Python Shallow Copy and Deep Copy

In this article, you’ll learn about shallow copy and deep copy in Python with the help of examples.

Copy an Object in Python

In Python, we use = operator to create a copy of an object. You may think that this creates a new object; it doesn't. It only creates a new variable that shares the reference of the original object.

Let's take an example where we create a list named old_list and pass an object reference to new_list using = operator.

Example 1: Copy using = operator

old_list = [[1, 2, 3], [4, 5, 6], [7, 8, 'a']]
new_list = old_list

new_list[2][2] = 9

print('Old List:', old_list)
print('ID of Old List:', id(old_list))

print('New List:', new_list)
print('ID of New List:', id(new_list))

When we run above program, the output will be:

Old List: [[1, 2, 3], [4, 5, 6], [7, 8, 9]]
ID of Old List: 140673303268168

New List: [[1, 2, 3], [4, 5, 6], [7, 8, 9]]
ID of New List: 140673303268168

As you can see from the output both variables old_list and new_list shares the same id i.e 140673303268168.

So, if you want to modify any values in new_list or old_list, the change is visible in both.


Essentially, sometimes you may want to have the original values unchanged and only modify the new values or vice versa. In Python, there are two ways to create copies:

  1. Shallow Copy
  2. Deep Copy

To make these copy work, we use the copy module.


Copy Module

We use the copy module of Python for shallow and deep copy operations. Suppose, you need to copy the compound list say x. For example:

import copy
copy.copy(x)
copy.deepcopy(x)

Here, the copy() return a shallow copy of x. Similarly, deepcopy() return a deep copy of x.


Shallow Copy

A shallow copy creates a new object which stores the reference of the original elements.

So, a shallow copy doesn't create a copy of nested objects, instead it just copies the reference of nested objects. This means, a copy process does not recurse or create copies of nested objects itself.

Example 2: Create a copy using shallow copy

import copy

old_list = [[1, 2, 3], [4, 5, 6], [7, 8, 9]]
new_list = copy.copy(old_list)

print("Old list:", old_list)
print("New list:", new_list)

When we run the program , the output will be:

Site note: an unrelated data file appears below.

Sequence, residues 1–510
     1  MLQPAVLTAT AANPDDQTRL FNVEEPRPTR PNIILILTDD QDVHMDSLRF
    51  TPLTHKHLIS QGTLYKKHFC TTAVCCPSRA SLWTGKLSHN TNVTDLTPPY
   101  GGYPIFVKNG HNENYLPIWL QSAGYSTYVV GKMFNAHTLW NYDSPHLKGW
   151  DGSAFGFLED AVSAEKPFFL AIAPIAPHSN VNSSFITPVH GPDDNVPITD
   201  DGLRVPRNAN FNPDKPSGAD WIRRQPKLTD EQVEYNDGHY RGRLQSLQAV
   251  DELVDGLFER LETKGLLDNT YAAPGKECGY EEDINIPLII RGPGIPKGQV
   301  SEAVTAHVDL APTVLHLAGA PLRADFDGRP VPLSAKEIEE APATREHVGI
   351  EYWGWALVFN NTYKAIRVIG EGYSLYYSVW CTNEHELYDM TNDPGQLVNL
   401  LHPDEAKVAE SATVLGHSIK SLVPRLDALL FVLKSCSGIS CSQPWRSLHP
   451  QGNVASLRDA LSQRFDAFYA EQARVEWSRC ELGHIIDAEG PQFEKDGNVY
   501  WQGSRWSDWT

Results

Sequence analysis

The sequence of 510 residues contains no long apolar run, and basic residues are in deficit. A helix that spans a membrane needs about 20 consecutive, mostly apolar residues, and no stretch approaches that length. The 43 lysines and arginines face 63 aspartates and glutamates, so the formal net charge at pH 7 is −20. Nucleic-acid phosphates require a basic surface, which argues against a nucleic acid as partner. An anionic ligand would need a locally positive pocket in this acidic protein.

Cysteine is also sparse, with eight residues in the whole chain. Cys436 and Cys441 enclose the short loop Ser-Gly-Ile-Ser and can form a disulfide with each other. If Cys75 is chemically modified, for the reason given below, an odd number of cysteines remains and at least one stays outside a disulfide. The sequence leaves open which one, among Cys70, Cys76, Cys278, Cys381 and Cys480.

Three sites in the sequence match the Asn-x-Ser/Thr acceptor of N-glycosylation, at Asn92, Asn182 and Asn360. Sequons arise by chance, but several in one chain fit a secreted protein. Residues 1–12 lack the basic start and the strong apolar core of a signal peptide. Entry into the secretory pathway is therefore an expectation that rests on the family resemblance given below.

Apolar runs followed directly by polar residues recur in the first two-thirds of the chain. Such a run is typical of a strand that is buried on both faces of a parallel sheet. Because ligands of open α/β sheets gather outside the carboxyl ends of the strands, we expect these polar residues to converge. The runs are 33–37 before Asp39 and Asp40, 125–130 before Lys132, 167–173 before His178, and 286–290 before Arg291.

Old list: [[1, 2, 3], [4, 5, 6], [7, 8, 9]]
New list: [[1, 2, 3], [4, 5, 6], [7, 8, 9]]

In above program, we created a nested list and then shallow copy it using copy() method.

This means it will create new and independent object with same content. To verify this, we print the both old_list and new_list.

To confirm that new_list is different from old_list, we try to add new nested object to original and check it.


Example 3: Adding [4, 4, 4] to old_list, using shallow copy

import copy

old_list = [[1, 1, 1], [2, 2, 2], [3, 3, 3]]
new_list = copy.copy(old_list)

old_list.append([4, 4, 4])

print("Old list:", old_list)
print("New list:", new_list)

When we run the program, it will output:

Old list: [[1, 1, 1], [2, 2, 2], [3, 3, 3], [4, 4, 4]]
New list: [[1, 1, 1], [2, 2, 2], [3, 3, 3]]

In the above program, we created a shallow copy of old_list. The new_list contains references to original nested objects stored in old_list. Then we add the new list i.e [4, 4, 4] into old_list. This new sublist was not copied in new_list.

However, when you change any nested objects in old_list, the changes appear in new_list.


Example 4: Adding new nested object using Shallow copy

import copy

old_list = [[1, 1, 1], [2, 2, 2], [3, 3, 3]]
new_list = copy.copy(old_list)

old_list[1][1] = 'AA'

print("Old list:", old_list)
print("New list:", new_list)

When we run the program, it will output:

Old list: [[1, 1, 1], [2, 'AA', 2], [3, 3, 3]]
New list: [[1, 1, 1], [2, 'AA', 2], [3, 3, 3]]

In the above program, we made changes to old_list i.e old_list[1][1] = 'AA'. Both sublists of old_list and new_list at index [1][1] were modified. This is because, both lists share the reference of same nested objects.


Deep Copy

A deep copy creates a new object and recursively adds the copies of nested objects present in the original elements.

Let’s continue with example 2. However, we are going to create deep copy using deepcopy() function present in copy module. The deep copy creates independent copy of original object and all its nested objects.

Example 5: Copying a list using deepcopy()

import copy

old_list = [[1, 1, 1], [2, 2, 2], [3, 3, 3]]
new_list = copy.deepcopy(old_list)

print("Old list:", old_list)
print("New list:", new_list)

When we run the program, it will output:

Old list: [[1, 1, 1], [2, 2, 2], [3, 3, 3]]
New list: [[1, 1, 1], [2, 2, 2], [3, 3, 3]]

In the above program, we use deepcopy() function to create copy which looks similar.

However, if you make changes to any nested objects in original object old_list, you’ll see no changes to the copy new_list.


Example 6: Adding a new nested object in the list using Deep copy

import copy

old_list = [[1, 1, 1], [2, 2, 2], [3, 3, 3]]
new_list = copy.deepcopy(old_list)

old_list[1][0] = 'BB'

print("Old list:", old_list)
print("New list:", new_list)

When we run the program, it will output:

Old list: [[1, 1, 1], ['BB', 2, 2], [3, 3, 3]]
New list: [[1, 1, 1], [2, 2, 2], [3, 3, 3]]

In the above program, when we assign a new value to old_list, we can see only the old_list is modified. This means, both the old_list and the new_list are independent. This is because the old_list was recursively copied, which is true for all its nested objects.